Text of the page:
Pertussis antibodies in postpartum women and their newborns

J. H. Shakib, S. Ralston, H. H. Raissy, G. J. Stoddard, K. M. Edwards, C. L. Byington

Research output: Contribution to journalArticlepeer-review

50 Scopus citations


Objective: To (1) determine the proportion of mothers and infants who had levels of IgG antibody to pertussis antigens predicted to be potentially protective at delivery; (2) evaluate the efficiency of maternal-infant antibody transport; (3) extrapolate infant antibody titers at 6 weeks; and (4) identify maternal factors associated with potentially protective infant antibodies. Study Design: Sera from mother-infant pairs from February 2006 through to April 2007 were tested for antibody to pertussis antigens by standardized ELISA (enzyme-linked immunosorbent assay). Potentially protective antibody levels were defined as > 5 ELISA units (EU) for pertussis toxin (PT), and > 10 EU for fimbriae (FIM) and pertactin (PRN). Serological evidence of previous maternal infection was defined from antibody to four antigens by k-means cluster analysis. Result: In total, 21% (17/81) of mothers and 26% (21/81) of infants had potentially protective antibody levels at delivery. Mean infant-maternal antibody ratios for PT, FIM and PRN were 1.26, 1.36 and 1.31, respectively. At 6 weeks, 11% (9/81) of infants were predicted to have potentially protective antibody levels. Using cluster analysis, 9% (7/81) of mothers had evidence of previous pertussis infection. Infants born to these mothers were predicted to be more likely to have potentially protective antibodies at 6 weeks (43%) than those born to mothers without previous infection (8%) (P0.03). Conclusion: Approximately 75% of infants were born with pertussis antibody levels lower than the modest levels associated with potential protection. Despite effective antibody transfer, nearly 90% of infants were predicted to have little antibody by 6 weeks. Maternal immunization before or during pregnancy might simulate previous pertussis infection and help protect infants through the first months of life.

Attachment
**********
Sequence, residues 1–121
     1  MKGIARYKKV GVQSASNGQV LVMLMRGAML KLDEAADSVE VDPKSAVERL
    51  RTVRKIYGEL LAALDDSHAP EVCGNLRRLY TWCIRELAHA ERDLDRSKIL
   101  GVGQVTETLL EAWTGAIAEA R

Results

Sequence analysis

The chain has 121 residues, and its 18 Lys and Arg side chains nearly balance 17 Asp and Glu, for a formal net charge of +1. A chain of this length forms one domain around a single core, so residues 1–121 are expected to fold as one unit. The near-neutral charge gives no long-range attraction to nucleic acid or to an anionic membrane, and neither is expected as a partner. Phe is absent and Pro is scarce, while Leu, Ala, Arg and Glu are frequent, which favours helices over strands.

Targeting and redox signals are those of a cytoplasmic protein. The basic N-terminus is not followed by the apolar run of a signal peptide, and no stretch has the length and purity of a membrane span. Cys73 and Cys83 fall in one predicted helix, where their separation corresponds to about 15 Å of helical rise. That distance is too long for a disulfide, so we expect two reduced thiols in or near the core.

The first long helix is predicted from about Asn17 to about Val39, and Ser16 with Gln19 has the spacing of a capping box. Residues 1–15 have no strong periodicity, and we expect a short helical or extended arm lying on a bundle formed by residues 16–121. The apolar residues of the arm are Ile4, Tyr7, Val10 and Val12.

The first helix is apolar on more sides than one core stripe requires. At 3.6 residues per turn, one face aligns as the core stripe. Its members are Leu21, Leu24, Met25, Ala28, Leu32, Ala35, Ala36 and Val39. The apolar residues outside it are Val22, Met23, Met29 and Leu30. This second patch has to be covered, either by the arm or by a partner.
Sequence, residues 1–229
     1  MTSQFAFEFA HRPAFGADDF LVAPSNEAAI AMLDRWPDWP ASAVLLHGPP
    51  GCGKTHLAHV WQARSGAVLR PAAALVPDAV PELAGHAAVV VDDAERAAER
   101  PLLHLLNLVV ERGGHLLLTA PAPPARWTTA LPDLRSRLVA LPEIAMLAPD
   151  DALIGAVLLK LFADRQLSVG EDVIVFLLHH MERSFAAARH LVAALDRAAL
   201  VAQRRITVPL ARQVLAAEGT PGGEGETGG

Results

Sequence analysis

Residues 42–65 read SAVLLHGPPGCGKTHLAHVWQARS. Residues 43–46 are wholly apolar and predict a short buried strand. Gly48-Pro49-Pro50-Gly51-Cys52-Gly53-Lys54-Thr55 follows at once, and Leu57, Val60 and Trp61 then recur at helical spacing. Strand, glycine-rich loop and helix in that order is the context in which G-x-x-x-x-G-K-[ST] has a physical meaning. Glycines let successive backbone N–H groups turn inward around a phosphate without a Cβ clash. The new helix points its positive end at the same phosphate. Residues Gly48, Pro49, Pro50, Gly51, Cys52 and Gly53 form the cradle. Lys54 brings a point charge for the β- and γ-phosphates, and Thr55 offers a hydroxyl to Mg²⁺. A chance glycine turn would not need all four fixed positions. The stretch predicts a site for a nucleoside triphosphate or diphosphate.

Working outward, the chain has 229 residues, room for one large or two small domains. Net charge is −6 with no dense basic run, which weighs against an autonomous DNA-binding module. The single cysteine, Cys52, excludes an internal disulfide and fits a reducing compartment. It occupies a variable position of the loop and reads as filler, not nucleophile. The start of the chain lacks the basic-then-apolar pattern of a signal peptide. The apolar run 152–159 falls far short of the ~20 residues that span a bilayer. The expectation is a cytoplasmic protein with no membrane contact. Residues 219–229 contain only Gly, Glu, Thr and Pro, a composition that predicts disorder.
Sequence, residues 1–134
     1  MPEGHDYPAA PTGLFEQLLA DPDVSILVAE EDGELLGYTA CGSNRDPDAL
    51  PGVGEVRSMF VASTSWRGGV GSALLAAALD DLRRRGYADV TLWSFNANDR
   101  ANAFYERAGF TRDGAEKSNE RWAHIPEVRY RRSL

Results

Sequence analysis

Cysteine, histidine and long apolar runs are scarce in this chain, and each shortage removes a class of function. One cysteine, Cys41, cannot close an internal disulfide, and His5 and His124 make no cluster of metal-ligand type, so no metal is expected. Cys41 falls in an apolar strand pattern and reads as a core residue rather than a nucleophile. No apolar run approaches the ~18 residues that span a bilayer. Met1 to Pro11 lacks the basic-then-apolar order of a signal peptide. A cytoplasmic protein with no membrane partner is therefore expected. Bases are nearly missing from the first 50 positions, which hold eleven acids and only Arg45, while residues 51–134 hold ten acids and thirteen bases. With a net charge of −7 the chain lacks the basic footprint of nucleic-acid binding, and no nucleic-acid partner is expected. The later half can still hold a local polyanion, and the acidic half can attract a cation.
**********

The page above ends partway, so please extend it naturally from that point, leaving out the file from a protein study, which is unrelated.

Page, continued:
Original languageEnglish (US)
Pages (from-to)93-97
Number of pages5
JournalJournal of Perinatology
Issue number2
StatePublished - Feb 2010


  • Immunization
  • Infants
  • Infection
  • Pertussis
  • Transplacental immunity

ASJC Scopus subject areas

  • Pediatrics, Perinatology, and Child Health
  • Obstetrics and Gynecology


Dive into the research topics of 'Pertussis antibodies in postpartum women and their newborns'. Together they form a unique fingerprint.

Cite this